Altered patterns of pelvic bone motion determined in subjects with posterior pelvic pain using skin markers
Hungerford, BA, Gilleard, WL & Lee, DG 2004, 'Altered patterns of pelvic bone motion determined in subjects with posterior pelvic pain using skin markers', Clinical Biomechanics, vol. 19, no. 5, pp. 456-464.
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Publisher's version of article available at http://dx.doi.org/10.1016/j.clinbiomech.2004.02.004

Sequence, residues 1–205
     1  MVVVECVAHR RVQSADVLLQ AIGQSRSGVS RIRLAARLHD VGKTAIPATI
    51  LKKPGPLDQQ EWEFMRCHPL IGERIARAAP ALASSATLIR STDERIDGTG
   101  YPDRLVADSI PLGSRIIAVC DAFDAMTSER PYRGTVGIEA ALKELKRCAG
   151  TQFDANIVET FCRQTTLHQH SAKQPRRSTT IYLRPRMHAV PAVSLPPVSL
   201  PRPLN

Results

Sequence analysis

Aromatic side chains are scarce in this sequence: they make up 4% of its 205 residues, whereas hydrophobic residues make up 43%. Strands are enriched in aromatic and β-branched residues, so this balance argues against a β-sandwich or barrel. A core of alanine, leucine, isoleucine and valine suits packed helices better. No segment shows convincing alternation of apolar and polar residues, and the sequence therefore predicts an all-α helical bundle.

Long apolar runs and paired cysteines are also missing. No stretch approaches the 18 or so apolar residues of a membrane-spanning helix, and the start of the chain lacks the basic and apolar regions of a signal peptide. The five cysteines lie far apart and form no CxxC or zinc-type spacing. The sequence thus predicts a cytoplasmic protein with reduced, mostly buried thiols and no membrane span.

Objective. To determine whether the pattern of pelvic bone motion, determined by skin markers, differs between control subjects and subjects with posterior pelvic pain. Design. Cross-sectional study of three-dimensional angular and translational motion of the innominates relative to the sacrum in two subject groups. Background. Comparative in vivo analysis of the 3D patterning of pelvic motion in subjects with posterior pelvic pain and controls is limited. Methods. Fourteen males with posterior pelvic pain and healthy age and height matched controls were studied. A 6-camera motion analysis system was used to determine 3D angular and translational motion of pelvic skin markers during standing hip flexion. Results. Posterior rotation of the innominate occurred with hip flexion in control subjects and pelvic pain subjects as previously reported in the literature. On the supporting leg, the innominate rotated posteriorly in controls and anteriorly in symptomatic subjects. Conclusion. Posterior rotation of the innominate, as measured using skin markers during weight bearing in controls may reflect activation of optimal lumbo-pelvic stabilisation strategies for load transfer. Anterior rotation occurred in symptomatic subjects, suggesting failure to stabilise intra-pelvic motion for load transfer. Relevance This study found that posterior rotation of the innominate occurred during weight bearing in controls. This movement pattern is thought to optimise stability of the pelvic girdle during increased loading. Conversely, anterior rotation occurred in symptomatic subjects during weight bearing. This is a non-optimal pattern and may indicate abnormal articular or neuromyofascial function during increased vertical loading through the pelvis.